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How to assess your COVID risk before leaving – Don’t eat it

Conflict counseling by public health authorities has been a frustrating (if understandable) factor since the first day of the COVID-19 epidemic, so it is important to understand risk assessment in everyday life. “Since we are at the stage of ‘assessing your own risk’ of this epidemic, it may be helpful if public health officials give a master class to assess risk. Instead, it seems that educators and engineers need to do this.” Says a professional engineer Joseph Fox, P.Eng., MASc. “To assess the risk of the place, you first need to know how you are infected and what contributes to it.” According to experts, here’s how to assess your COVID-19 risk. Read on to find out more – and to ensure your health and the health of others, don’t miss out Already have COVID? These symptoms “never go away”.

The waiter coughs on his elbow while serving customers at the restaurant.

“The primary way you get infected with COVID is to breathe an infectious dose over a certain period of time,” says Fox. “Dose is defined by 4 factors: dose = virus concentration x time x respiratory rate x respiratory rate. The dose is related to the probability of infection. You may be less likely to be infected (like outdoors), it’s just less likely. That’s why something is ‘safe’.” Reducing the dose reduces the risk of infection, but does not eliminate the risk. “

Women with mask on face

“Time: The more time you spend on a particular concentration, the greater the risk,” says Fox. “For activities that do not require spending extended periods of time, such as going to the store, reducing the risk is an effective measure.”

People wearing a surgical mask sitting on a subway in Shanghai

“Respiratory Rate: For some reason the ‘hold your breath’ method is not publicized enough. When the respiratory rate is 0, you are not infected with inhalation,” Fox jokes. “The faster you breathe, the more air you breathe in a certain period of time. If you combine the amount of time and breathing, the risk is related to the number of breaths you take. More breaths mean greater risk.”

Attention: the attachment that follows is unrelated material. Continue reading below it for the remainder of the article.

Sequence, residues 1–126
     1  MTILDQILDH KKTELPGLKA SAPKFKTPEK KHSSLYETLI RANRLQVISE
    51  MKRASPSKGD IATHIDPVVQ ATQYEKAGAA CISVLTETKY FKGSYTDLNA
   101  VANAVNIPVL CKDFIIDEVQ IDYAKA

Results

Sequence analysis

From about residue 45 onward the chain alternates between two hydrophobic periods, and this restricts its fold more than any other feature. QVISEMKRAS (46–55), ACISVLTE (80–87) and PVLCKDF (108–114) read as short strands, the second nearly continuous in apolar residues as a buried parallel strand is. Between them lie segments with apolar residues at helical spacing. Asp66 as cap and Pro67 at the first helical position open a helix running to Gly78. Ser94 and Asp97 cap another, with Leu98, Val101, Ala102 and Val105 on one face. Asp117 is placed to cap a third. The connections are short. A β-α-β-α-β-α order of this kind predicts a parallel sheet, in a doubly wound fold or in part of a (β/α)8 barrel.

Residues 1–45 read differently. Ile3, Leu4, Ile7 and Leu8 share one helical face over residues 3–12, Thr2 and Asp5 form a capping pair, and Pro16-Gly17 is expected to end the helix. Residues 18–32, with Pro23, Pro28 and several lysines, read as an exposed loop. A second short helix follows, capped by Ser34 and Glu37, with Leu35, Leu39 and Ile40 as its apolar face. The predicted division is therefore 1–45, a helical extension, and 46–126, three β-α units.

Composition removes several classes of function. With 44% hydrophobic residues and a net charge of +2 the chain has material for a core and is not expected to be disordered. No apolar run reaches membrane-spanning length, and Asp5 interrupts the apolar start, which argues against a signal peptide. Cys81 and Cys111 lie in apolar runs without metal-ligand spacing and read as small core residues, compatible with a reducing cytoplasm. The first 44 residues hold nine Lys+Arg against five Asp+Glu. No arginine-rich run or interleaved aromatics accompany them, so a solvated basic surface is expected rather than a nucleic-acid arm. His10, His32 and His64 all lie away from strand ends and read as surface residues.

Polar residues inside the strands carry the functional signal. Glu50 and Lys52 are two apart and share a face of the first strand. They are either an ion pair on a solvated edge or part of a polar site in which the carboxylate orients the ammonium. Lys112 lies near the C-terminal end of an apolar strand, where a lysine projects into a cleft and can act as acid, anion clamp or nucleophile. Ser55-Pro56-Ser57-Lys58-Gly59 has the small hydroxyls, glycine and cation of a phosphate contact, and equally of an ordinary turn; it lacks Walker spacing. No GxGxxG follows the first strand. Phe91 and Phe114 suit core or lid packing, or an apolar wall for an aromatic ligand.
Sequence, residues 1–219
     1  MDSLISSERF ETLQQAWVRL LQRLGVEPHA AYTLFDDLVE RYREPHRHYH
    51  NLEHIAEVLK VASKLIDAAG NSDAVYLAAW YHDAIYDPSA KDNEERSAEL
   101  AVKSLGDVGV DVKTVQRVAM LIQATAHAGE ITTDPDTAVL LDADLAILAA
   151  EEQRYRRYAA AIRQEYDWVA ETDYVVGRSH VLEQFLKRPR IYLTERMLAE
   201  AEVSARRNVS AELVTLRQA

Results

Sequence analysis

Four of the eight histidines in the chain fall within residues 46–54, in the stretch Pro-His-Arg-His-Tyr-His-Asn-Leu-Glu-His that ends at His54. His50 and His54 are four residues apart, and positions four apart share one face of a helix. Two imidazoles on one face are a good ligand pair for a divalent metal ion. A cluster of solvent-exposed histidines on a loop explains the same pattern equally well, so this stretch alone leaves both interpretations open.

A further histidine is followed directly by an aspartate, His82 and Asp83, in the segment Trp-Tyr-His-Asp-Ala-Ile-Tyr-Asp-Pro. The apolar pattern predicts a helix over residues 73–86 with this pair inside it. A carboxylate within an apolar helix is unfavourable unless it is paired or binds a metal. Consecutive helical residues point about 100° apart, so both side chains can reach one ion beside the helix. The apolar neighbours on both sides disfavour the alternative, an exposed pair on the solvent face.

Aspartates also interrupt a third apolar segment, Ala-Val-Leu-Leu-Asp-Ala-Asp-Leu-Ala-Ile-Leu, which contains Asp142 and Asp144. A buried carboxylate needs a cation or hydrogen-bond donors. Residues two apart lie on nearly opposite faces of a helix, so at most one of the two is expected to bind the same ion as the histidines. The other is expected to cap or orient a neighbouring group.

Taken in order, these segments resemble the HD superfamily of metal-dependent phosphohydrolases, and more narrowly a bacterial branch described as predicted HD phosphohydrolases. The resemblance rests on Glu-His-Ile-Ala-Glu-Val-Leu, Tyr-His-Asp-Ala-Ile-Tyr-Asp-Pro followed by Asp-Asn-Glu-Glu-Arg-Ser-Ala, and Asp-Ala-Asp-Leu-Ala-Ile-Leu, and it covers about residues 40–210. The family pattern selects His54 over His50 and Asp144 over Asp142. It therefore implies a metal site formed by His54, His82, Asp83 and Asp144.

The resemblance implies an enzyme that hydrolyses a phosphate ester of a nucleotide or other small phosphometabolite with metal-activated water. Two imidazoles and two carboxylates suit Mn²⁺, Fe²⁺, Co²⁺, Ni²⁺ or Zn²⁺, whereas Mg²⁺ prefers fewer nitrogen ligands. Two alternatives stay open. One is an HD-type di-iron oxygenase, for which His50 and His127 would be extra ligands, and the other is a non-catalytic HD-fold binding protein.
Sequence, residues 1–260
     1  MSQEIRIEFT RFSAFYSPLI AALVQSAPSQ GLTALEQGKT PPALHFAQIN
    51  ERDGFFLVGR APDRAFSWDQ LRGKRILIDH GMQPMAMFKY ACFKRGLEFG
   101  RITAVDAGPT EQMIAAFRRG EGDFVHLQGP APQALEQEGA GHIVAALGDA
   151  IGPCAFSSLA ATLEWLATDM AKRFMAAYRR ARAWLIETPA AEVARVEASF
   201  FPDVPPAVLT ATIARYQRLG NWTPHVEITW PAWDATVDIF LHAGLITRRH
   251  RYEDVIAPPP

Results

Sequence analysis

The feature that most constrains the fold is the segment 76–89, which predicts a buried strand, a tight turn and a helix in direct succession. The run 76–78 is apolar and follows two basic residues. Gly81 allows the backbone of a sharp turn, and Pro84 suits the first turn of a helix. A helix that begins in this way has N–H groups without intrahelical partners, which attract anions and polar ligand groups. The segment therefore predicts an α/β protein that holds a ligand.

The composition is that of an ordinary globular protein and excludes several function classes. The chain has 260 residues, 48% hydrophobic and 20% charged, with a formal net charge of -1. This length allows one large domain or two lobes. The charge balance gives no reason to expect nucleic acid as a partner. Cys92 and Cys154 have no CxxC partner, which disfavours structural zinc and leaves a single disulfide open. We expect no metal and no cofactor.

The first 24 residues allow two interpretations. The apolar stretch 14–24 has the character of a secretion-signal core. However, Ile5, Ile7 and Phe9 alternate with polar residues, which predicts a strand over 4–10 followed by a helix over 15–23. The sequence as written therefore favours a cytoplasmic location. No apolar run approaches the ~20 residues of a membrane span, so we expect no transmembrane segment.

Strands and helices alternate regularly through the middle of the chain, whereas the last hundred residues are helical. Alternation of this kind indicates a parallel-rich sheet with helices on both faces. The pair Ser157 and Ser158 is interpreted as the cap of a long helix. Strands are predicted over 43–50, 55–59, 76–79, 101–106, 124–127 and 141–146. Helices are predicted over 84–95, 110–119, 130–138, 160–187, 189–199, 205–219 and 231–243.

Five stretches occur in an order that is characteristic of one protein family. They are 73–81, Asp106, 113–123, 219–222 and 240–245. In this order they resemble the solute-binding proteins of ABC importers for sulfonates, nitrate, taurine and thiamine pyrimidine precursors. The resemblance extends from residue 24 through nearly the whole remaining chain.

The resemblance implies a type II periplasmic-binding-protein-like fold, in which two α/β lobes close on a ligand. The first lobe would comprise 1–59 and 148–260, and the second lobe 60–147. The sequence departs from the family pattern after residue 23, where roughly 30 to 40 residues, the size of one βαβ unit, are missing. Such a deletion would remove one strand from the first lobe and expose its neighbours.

“Deposit Rate: Many of the virus particles you breathe don’t stay inside you, you just breathe them back in,” says Fox. However, I think it is not advisable to assess the risk. One possible exception is that you have a natural immunity and it can remove the deposited particles rather than infect you. Low humidity inhibits this and increases the risk of storage. “

The sick young woman lay in her bed.

“Virus density: The final and most complex factor,” Fox explains. “The higher the concentration you breathe, the fewer breaths you need to reach the infectious dose. So how do you determine the density of the virus? Tier – When you leave early, you have a concentrated air jet in front of you (think of a smoker’s breath). However, the higher the air you breathe in the lower range, the more air is actually out of the room, so the lower virus concentration in the rest of the room makes a difference – even in the lower range, which affects the final virus concentration There are many factors and they are important for assessing risk. ”


Follow the basics of public health and help end this epidemic, wherever you live — vaccinate or increase as soon as possible; If you live in an area with low vaccination rates, wear N95 Face MaskDon’t travel, avoid social crowds, overcrowding, don’t go home with people you don’t trust (especially in bars), practice good hand hygiene and save your life and the lives of others. 35 places you are more likely to catch Kovid.

The Firozan Mast

Ferozan Mast is a science, health and wellness writer with a passion for making science and research-supported information accessible to a general audience. Read More

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